FAMILIES FOR FREEDOM RELEASES REPORT HIGHLIGHTING INJUSTICE AGAINST IMMIGRANTS DETAINED IN ALABAMA
Families for Freedom (FFF) and New York University (NYU) School of Law Immigrant Rights Clinic, released a report that reveals shocking and alarming patterns of Immigration Customs and Enforcement (ICE) abuse and deceit towards the Northern District of Alabama district court as well as immigrants detained in Alabama. The report “The Writ of Habeas Corpus: How a United States District Court Circumvents Oversight of Unlawful Detention” reveals that the Northern District of Alabama has abdicated its constitutional responsibility as the primary protector of individual liberty interests in Alabama.
Event

Join Families For Freedom for a Family meeting to say farewell to the summer.

News and Annoucements

Join Families For Freedom this Monday September 5 at the West Indian Day Labor Day event in Brooklyn.

When: Monday September 5 from 12-5pm

Location: Southside of Eastern Parkway between Classon and Franklin

Event

Families For Freedom would like to invite you to our Annual Cookout! We have a summer event every year to celebrate our time together as a family and enjoy each others company.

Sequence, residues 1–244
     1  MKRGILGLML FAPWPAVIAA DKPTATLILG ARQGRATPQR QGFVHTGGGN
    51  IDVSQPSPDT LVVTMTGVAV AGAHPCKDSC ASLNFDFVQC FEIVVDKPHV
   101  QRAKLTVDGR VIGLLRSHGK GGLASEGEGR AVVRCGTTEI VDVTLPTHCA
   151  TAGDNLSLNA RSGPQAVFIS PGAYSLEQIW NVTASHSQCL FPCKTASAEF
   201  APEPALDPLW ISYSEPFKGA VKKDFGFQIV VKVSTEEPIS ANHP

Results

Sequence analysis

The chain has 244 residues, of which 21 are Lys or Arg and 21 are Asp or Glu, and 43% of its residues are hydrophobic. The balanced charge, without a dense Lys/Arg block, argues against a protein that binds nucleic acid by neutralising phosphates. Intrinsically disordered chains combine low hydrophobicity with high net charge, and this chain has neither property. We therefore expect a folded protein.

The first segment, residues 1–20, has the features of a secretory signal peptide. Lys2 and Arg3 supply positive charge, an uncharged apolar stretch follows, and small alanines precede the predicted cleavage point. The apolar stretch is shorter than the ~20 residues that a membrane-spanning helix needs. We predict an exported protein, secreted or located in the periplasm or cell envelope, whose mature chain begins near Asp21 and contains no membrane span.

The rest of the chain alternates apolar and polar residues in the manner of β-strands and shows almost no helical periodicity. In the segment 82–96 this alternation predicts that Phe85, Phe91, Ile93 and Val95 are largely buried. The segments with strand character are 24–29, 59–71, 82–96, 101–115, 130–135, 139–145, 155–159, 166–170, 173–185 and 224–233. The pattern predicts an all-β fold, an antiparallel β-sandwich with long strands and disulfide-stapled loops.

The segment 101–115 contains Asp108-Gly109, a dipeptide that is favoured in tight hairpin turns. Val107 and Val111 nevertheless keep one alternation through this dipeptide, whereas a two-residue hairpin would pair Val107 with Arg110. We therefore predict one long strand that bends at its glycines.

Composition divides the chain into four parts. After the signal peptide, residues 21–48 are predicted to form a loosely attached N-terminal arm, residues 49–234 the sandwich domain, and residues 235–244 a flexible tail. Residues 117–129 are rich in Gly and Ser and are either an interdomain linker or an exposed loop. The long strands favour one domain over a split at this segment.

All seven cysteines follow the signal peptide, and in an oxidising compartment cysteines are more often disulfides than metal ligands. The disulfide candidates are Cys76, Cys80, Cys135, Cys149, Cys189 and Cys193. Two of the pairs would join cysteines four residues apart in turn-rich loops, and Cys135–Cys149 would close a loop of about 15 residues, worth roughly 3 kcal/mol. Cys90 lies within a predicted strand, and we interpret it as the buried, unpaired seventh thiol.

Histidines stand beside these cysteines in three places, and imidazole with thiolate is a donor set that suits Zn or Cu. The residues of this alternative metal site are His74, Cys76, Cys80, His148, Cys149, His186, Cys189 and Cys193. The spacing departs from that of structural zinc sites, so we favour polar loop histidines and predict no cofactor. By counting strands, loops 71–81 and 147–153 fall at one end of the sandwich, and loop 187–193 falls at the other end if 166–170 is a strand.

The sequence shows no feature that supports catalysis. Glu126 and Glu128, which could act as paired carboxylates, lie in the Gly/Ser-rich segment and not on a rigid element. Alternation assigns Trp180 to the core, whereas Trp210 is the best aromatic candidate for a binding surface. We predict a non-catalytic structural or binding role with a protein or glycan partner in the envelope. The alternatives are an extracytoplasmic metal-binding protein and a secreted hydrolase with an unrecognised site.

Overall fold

How do the 1996 immigration laws affect your membership?
Families for Freedom was started when some of its founders’ families got detained and unfortunately deported. Like most people, then and now, they had no idea of the 1996 laws and their devastating impacts when applied. The most troubling issues the two laws, IIRAIRA and ADEPA, with their components that made misdemeanors ‘aggravated felonies’ and introduced mandatory detention and deportation, have wreaked havoc on our members and our communities.

The retroactivity of the laws continues to be a source of great fear for our loved ones. For example having decades old conviction (s) for drug offenses, a father of four US children is deported, leaving behind a fractured family bewildered at the logic of not serving any time, yet ends up detained and spends more time in ICE custody and then deported. The high cost of fighting cases, lack of access to legal counsel and our loved ones places an irreversible burden and trauma on our families.

What needs to change?

People who are directly affected, assessing and building power where needed, lead a movement that engages our communities to roll back mandatory detention and deportation provisions of the 1996 laws IIRA-IRA and AEDPA.
It’s time to #Fix96 because…

It’s time to #Fix96:
because we need to stop creating generations of fractured families.

Sign statement and change.org petition:
https://docs.google.com/…/13EZEBIXJKV8DJ0Nlk4Pl8u…/viewform…

https://www.change.org/p/u-s-senate-end-the-mass-criminaliz…

    

    

    

    

 

 

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